Ascott Reit’s whirlwind merger to lead the global hospitality space

It took a matter of three days for the proposed S$1.2 billion merger between Ascott Residence Trust (ART) and Ascendas Hospitality Trust (A-HTrust) to be approved and unveiled to the public.

The merger of the two Reits had been subject to much speculation since January after ART’s parent, CapitaLand – one of Asia’s largest real estate companies – announced its S$11 billion acquisition of Ascendas-Singbridge, A-HTrust’s parent.

The merger of the parents to become one of Asia’s largest diversified real estate players, with over S$123 billion of assets under management (AUM), has resulted in an overlap in investment mandates between their two trusts. Regulation-wise, there is no reason for CapitaLand to retain two hospitality vehicles.

Beh Siew Kim, chief executive officer of Ascott Residence Trust Management which manages ART, made the first move as the acquirer in May. But talks went full steam ahead after the completion of the parents’ union.

“Many didn’t expect it to be so fast because the announcement of the completion of CapitaLand and Ascendas-Singbridge merger was made end-June and on July 3, we announced this proposed combination,” she told The Business Times in an interview on Friday.

“We practically only went to Ascendas side just prior to the completion of the merger of CapitaLand and Ascendas-Singbridge on the possibility of us coming together,” Ms Beh said, recounting the sleepless night before July 3.

Before the merger was tabled, Ms Beh spent many long nights with her team to do the “leg work” which involved a comprehensive study of properties, structures and tax considerations, among others, to come out with a trust scheme that will give birth to the largest hospitality trust in the Asia-Pacific and the eighth biggest globally.

Financially, the deal had to make sense and tick all the right boxes for unitholders of both Reits. If not, unitholders are not going to vote in favour of the transaction at the respective extraordinary general meetings later this month.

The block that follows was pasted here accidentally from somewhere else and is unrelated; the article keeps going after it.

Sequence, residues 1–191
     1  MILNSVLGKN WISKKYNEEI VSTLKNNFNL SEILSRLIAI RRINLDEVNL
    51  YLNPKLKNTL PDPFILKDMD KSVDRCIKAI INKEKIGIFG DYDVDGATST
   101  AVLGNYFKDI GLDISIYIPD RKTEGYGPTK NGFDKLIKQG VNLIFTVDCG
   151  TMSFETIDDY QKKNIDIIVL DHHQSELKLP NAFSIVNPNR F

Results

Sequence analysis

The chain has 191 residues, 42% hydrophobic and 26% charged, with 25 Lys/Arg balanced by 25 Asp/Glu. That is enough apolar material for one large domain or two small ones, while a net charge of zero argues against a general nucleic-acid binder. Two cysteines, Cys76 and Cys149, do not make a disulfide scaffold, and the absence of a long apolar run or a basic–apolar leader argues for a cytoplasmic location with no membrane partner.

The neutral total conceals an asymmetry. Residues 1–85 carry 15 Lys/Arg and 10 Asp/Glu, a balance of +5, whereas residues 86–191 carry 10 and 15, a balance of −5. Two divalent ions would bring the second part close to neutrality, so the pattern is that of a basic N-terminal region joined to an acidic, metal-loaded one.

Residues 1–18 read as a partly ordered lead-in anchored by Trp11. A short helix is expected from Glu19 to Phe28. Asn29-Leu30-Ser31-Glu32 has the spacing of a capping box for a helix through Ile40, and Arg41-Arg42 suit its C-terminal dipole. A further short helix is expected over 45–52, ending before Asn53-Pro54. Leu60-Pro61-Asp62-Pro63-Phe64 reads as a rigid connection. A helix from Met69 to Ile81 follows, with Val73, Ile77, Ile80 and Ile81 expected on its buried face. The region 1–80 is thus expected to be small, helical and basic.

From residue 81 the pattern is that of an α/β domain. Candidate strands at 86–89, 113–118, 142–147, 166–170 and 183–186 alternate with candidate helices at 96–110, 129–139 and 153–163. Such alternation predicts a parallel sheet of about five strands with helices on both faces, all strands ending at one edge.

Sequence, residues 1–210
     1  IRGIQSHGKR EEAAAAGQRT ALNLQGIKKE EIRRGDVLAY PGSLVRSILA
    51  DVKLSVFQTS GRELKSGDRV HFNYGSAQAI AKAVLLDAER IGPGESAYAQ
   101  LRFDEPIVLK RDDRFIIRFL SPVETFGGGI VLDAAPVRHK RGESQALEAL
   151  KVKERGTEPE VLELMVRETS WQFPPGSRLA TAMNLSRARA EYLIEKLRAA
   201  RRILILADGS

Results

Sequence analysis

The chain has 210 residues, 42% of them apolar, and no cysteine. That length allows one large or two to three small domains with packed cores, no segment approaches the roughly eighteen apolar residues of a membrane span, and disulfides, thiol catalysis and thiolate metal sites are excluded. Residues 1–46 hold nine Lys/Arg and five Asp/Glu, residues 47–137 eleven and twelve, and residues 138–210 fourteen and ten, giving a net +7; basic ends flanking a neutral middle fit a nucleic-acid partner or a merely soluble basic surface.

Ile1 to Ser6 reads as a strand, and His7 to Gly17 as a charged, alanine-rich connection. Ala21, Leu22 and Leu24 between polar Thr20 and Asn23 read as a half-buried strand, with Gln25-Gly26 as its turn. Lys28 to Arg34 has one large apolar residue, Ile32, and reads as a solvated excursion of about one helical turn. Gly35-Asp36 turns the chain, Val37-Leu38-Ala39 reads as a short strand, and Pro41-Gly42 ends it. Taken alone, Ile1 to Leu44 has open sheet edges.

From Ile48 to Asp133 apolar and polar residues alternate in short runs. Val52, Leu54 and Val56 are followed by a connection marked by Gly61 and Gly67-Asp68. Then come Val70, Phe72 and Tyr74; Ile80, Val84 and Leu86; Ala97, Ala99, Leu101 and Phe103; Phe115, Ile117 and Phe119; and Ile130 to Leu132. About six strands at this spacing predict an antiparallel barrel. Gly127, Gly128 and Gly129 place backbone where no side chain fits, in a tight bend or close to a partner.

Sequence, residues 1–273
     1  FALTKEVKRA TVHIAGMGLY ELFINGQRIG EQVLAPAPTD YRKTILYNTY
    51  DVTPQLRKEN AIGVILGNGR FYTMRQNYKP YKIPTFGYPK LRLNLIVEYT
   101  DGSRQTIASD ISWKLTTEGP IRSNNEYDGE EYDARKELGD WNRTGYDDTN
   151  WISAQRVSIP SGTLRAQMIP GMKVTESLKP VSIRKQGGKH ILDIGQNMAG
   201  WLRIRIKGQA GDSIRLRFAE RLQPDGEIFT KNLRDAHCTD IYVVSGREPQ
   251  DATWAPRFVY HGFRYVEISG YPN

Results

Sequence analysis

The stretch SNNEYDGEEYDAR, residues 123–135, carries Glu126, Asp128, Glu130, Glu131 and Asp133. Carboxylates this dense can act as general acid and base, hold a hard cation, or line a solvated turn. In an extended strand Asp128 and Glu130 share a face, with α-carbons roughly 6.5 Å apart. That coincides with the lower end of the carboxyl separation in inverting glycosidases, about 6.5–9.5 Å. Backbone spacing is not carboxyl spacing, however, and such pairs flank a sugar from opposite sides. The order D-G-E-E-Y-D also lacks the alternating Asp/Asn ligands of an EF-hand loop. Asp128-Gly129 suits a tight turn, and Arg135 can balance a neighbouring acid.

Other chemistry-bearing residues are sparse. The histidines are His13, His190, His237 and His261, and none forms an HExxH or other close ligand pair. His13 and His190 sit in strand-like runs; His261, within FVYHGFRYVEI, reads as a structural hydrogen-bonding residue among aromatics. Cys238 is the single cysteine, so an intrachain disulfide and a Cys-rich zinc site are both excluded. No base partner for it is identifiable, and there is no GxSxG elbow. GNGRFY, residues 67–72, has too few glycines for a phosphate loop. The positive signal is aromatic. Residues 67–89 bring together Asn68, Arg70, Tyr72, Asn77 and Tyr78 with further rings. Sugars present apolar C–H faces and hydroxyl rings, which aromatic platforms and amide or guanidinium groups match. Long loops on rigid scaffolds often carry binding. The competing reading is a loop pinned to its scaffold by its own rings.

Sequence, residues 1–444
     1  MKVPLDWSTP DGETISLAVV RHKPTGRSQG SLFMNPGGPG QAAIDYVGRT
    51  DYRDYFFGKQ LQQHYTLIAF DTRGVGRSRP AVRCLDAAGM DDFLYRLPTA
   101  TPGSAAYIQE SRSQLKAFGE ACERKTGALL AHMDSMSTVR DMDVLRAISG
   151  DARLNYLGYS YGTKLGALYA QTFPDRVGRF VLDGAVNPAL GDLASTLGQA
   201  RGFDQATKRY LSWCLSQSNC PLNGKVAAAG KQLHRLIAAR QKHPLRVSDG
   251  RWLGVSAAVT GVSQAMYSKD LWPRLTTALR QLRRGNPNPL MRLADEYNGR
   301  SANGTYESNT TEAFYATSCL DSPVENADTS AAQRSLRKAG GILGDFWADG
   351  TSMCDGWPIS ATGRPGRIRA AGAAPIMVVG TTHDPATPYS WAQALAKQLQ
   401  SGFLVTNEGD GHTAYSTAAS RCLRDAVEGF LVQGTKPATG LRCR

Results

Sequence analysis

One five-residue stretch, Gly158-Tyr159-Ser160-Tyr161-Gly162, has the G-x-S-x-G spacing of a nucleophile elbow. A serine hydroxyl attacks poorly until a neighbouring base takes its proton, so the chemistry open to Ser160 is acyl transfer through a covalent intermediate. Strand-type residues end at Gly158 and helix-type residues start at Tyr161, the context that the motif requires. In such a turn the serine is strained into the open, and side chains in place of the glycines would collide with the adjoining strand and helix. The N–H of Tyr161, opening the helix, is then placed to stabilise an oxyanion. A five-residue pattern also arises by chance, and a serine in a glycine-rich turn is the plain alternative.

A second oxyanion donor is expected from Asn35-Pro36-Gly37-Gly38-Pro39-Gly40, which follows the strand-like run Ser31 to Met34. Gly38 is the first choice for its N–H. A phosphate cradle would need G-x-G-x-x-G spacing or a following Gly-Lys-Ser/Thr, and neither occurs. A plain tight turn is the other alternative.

ART, which operates its serviced residences mostly under the Ascott, Citadines and Somerset brands, will see its asset value grow by 33 per cent to S$7.6 billion and distribution per unit (DPU) increase by 2.5 per cent for FY 2018 on a pro forma basis.

The pro forma gross revenue for the combined entity for FY 2018 will increase by 37 per cent to about S$705 million, while the pro forma FY 2018 gross profit will increase by 36 per cent to about S$325 million.

“Within Singapore, we will be two-and-half times larger than the next hospitality Reit, which is CDL Hospitality Trust. So, it propels us in size and scale. Within Asia-Pacific, we will be one-and-a-half times larger than the next hospitality trust. That puts us in a very advantageous footing in the hospitality space,” Ms Beh said.

It will have access to a larger capital base and a higher debt headroom of about S$1 billion, giving it greater financial flexibility to seek more accretive acquisitions and value enhancements.

“When you create something this big, you put yourself in a better financial position to grow further. You now have a bigger war chest, higher debt headroom, the potential to be included in the FTSE EPRA Nareit Developed Index and see higher trading volume as seen in precedent cases. These will then lower your costs of capital and allow you to grow even further,” Ms Beh noted.

She believes the combined entity will be “the first stop for those who want to divest their hospitality assets” given its stature as Asia-Pacific’s largest hospitality trust and backing by a strong sponsor in CapitaLand, which will own about 40 per cent in it.

“The purpose of combining the two trusts is so that we can continue to grow and that we have the capacity to do that – grow organically from existing portfolio or inorganically through new acquisitions,” she said.

Ms Beh sees opportunities beckoning within the lodging space, including student accommodation, and with a global mandate in serviced residences, rental housing and other hospitality assets, the Reit will not be restricted to just buying Singapore assets.

The combined Reit boasts of 88 properties in 39 cities scattered over 15 countries in Asia-Pacific, Europe and the United States, with each property contributing less than 5 per cent to gross profit.

“What does this mean? If you look at a hospitality trust with only exposure to Hong Kong, occupancy is now very low and a lot more volatile. But ART is global, half of our income comes from master leases which are stable. From unitholders, they are assured in terms of stability of returns from the Reit,” she explained.

The Reit has no trophy assets it intends to cling on to. The portfolio is reviewed every quarter to decide on which to keep, further enhance or recycle to unlock value for unitholders.

With Asia leading global growth, witnessing a boom in tourism as well as a burgeoning middle class, asset allocation will remain Asia-Pacific-centric. Post-merger, Asia-Pacific will make up about 70 per cent of the Reit’s total portfolio valuation and contribute 68 per cent of its gross profit.

“That combination is almost like a marriage made in heaven,” Ms Beh added. “We still want an allocation that is more Asia-Pac-centric. 60:40 in favour of Asia-Pac. That has always been our strategy.”

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